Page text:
You'll benefit from a global education experience and the high-calibre teaching expertise, latest research and modern facilities at 2 universities. You'll also develop a more comprehensive knowledge of counter terrorism, intelligence and cybercrime than on a single degree and gain an understanding of different cultures, which will help you work more effectively with people from different backgrounds.
All of this will help you stand out in a competitive job market after you graduate.
You'll be based in Portsmouth in years 1 and 2, and for 6 months at the end of the course. You'll spend year 3 in Perth, Western Australia at Edith Cowan University.
You'll get support with travel arrangements, visas, finding accommodation and accessing loans and other funding that can help pay for your study and living costs when you're in Australia.
Edith Cowan University is one of the top 100 young universities in the world one of the top 100 universities in the Asia-Pacific regions (Times Higher Education 2019 and 2020). The Good Universities Guide 2021 gives the University 5 out of 5 stars for its learner resources, student support, teaching quality and overall experience.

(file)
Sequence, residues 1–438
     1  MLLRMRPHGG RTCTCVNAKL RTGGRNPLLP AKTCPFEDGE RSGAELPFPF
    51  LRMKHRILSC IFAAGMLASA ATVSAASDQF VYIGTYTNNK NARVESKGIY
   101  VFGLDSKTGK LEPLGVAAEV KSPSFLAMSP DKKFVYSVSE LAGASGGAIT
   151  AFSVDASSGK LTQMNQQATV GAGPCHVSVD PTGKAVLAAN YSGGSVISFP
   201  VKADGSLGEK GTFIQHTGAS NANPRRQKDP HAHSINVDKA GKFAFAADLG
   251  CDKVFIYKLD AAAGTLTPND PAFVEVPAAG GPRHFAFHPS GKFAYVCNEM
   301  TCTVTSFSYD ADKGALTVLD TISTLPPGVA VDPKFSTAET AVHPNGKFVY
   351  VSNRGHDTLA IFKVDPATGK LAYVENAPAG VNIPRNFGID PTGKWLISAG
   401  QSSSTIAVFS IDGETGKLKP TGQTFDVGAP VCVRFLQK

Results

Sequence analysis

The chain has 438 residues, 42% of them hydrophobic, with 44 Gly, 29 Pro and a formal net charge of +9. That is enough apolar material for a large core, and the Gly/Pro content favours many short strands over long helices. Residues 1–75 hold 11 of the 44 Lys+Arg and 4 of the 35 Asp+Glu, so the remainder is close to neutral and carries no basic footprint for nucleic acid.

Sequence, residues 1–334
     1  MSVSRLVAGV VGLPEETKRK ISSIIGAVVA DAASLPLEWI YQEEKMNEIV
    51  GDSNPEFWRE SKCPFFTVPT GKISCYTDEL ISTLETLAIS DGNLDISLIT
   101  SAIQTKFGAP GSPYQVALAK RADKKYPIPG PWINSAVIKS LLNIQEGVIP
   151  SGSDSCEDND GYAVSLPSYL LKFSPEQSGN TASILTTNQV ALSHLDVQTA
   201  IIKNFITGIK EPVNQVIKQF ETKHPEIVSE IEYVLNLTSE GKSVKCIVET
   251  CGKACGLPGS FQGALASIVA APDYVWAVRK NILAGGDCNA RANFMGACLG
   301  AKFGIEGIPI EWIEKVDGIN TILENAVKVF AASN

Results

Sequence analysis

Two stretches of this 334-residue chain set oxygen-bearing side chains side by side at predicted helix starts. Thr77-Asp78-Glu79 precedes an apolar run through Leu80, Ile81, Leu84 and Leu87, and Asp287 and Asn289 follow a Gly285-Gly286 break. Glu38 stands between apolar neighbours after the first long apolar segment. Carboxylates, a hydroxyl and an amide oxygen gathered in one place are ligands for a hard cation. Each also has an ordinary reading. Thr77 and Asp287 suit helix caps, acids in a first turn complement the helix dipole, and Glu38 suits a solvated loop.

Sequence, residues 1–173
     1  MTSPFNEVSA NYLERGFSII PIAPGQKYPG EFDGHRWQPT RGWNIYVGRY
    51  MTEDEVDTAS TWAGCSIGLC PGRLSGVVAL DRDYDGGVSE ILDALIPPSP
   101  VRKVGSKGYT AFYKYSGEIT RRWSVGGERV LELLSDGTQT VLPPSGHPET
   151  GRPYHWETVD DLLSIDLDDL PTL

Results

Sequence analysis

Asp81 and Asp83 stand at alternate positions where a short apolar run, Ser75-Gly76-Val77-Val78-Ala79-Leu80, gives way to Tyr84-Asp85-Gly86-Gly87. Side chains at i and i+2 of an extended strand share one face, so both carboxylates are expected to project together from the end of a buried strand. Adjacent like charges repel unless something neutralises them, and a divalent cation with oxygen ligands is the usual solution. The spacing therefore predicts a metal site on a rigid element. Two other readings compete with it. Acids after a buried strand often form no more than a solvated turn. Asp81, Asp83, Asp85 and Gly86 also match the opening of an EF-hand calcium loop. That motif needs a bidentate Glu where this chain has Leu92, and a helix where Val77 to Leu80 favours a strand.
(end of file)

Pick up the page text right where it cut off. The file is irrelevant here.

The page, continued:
Like Portsmouth, Perth offers a mix of city and outdoor living. It's a great base for exploring Western Australia and beyond.
- A levels – ABB–BBB
- UCAS points – 120–128 points from 3 A levels or equivalent (calculate your UCAS points)
- Applicants may need to attend an interview in support of their application.
English language requirements
- English language proficiency at a minimum of IELTS band 6.0 with no component score below 5.5.